Lifting the lid on the world of political betting

Political odds for 2017 general election
[Getty Images]

An investigation into Rishi Sunak's parliamentary aide Craig Williams placing a £100 "flutter" on the general election has thrown a spotlight on the world of political betting.

Gambling on sporting events is now very big business in the UK. Millions will be wagered this summer on the Euros and the Paris Olympics, most of it online rather than the traditional way of entering a bookmaker's.

But betting has long been part of the political world too.

From the outside, betting on an obscure by-election or a party leadership contest may seem strange - but for some political obsessives it combines the unpredictability and excitement of sport with the intrigue of a dramatic narrative.

One of the proudest moments in the life of political betting guru Mike Smithson was correctly predicting the result of the 2021 Chesham and Amersham by-election.

"I got the Lib Dems to win at 20-to-1, and I got it right," he said.

Mr Smithson, who runs the website after years as a BBC political journalist, said: "I love politics and there's nothing like predicting winner and losers.

"People love to look at things and think they know the answer - when you go for a drink in the pub people always end up saying 'I think it's going this way, or that'".

Political betting is often used by betting companies as a gateway to entice new punters to more lucrative - for the firms - betting platforms.

"Most bookies get into political betting because they like signing up new customers who will then be attracted in other areas," said Mr Smithson.

But some remarkable amounts of money have been wagered over the years.

In 2017, an anonymous student placed a series of wagers amounting to £10,000 on Jeremy Corbyn's Labour winning the general election. They lost their money.

Mike Smithson estimates "between £10m and £20m will be bet on the election this year".

Houses of Parliament in December 2023
Gambling firms say betting on political events is on the rise [EPA]

Online betting exchange Betfair suggests more than £8m has been staked on the outcome of the general election. But these figures do not include bets with the larger betting firms.

This makes it a miniscule slice of the £15.1bn UK gambling market.

But according to William Kedjanyi, head of political content at Star Sports, political betting has been "growing steadily over the last ten years".

"It has been helped by the fact we’ve had particularly volatile events - the 'yes' and 'no' Brexit referendum was perfect for betting.

"People like to vote on very tight events."

Over the years, the types of political bets have diversified.

Traditional bets on election outcomes remain popular, but novelty bets, such as predicting specific political events or decisions, are gaining traction.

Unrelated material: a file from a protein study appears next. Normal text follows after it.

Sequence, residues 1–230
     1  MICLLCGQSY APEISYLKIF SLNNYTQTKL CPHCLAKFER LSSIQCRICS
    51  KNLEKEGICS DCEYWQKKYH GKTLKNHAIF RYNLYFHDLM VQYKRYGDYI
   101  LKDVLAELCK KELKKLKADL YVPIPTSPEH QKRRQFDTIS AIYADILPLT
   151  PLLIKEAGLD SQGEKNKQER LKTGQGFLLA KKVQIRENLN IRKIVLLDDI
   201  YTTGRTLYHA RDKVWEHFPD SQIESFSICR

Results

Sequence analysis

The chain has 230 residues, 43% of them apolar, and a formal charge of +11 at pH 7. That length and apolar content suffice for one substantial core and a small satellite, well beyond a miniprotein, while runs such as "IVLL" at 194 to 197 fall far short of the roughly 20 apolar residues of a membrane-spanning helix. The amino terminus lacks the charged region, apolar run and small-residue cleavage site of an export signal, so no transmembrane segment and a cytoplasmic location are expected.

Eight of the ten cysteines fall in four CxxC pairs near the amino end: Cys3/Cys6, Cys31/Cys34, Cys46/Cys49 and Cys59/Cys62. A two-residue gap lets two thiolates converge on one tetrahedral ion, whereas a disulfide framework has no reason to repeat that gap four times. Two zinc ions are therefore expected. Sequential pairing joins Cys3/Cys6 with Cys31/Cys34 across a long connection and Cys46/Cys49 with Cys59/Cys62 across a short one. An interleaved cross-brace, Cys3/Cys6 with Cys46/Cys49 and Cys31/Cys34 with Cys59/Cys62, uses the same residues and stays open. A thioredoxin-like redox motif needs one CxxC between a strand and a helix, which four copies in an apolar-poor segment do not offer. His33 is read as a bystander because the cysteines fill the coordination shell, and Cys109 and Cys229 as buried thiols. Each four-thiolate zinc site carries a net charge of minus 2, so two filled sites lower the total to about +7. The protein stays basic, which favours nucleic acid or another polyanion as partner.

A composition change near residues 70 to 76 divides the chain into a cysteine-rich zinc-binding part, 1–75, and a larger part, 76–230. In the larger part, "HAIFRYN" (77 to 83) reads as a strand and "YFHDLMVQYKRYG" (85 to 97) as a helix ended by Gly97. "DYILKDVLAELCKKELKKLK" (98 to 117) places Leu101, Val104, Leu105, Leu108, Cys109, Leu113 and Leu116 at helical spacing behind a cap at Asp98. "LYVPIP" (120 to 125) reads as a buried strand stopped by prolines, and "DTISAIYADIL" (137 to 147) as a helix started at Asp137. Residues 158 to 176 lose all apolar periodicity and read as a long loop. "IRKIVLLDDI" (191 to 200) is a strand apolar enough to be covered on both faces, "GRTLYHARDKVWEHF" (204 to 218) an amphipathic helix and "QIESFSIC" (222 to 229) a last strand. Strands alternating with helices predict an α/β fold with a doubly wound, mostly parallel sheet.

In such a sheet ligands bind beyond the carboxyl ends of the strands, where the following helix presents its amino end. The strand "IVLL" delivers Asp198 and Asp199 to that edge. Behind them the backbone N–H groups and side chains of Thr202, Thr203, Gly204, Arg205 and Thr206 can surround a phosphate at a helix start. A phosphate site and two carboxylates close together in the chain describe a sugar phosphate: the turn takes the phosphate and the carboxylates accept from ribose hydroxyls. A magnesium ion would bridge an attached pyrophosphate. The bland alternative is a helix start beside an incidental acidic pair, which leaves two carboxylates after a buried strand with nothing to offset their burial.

"Elections by themselves are perfect betting events – there are lots of options across the 650 constituencies, betting on each one or overall victory," says Mr Kedjanyi.

A graphic which reads 'more on general election 2024'

Betting on politics has a surprisingly long history in the UK.

Charles James Fox, the 18th-century Whig prime minister, was known to bet "frequently, largely, and judiciously, on the social and political occurrences of the time" according to his biographer.

During the Victorian and Edwardian periods, gambling laws became stricter, impacting political betting.

But in 1963 Ladbrokes began openly accepting bets on political events and by the following year's general election, William Hill had joined in.

But people who work at Westminster - like those who work at horse racing stables or football clubs - need to be careful.

Using confidential information to gain an advantage could amount to cheating under the Gambling Act - which is a criminal offence.

The Gambling Commission is making inquires into Craig Williams, a Conservative Party election candidate and former aide to Rishi Sunak, amid claims he placed a £100 bet on the date of the election days before the PM announced it.

Mr Williams has apologised and said he made a "huge error of judgement" but has not confirmed the details of his bet.

Mr Sunak has described his actions as "very disappointing" and the opposition parties are calling for him to be suspended as a candidate or face a Cabinet Office investigation.

It is understood the watchdog wrote to all licensed bookmakers this week requesting information on anyone who stood to gain more than £199 by betting on a July election in the UK.

Westminster's gamblers will be watching the results of this one with particular interest.

Advice on gambling addiction is available via the BBC Action Line.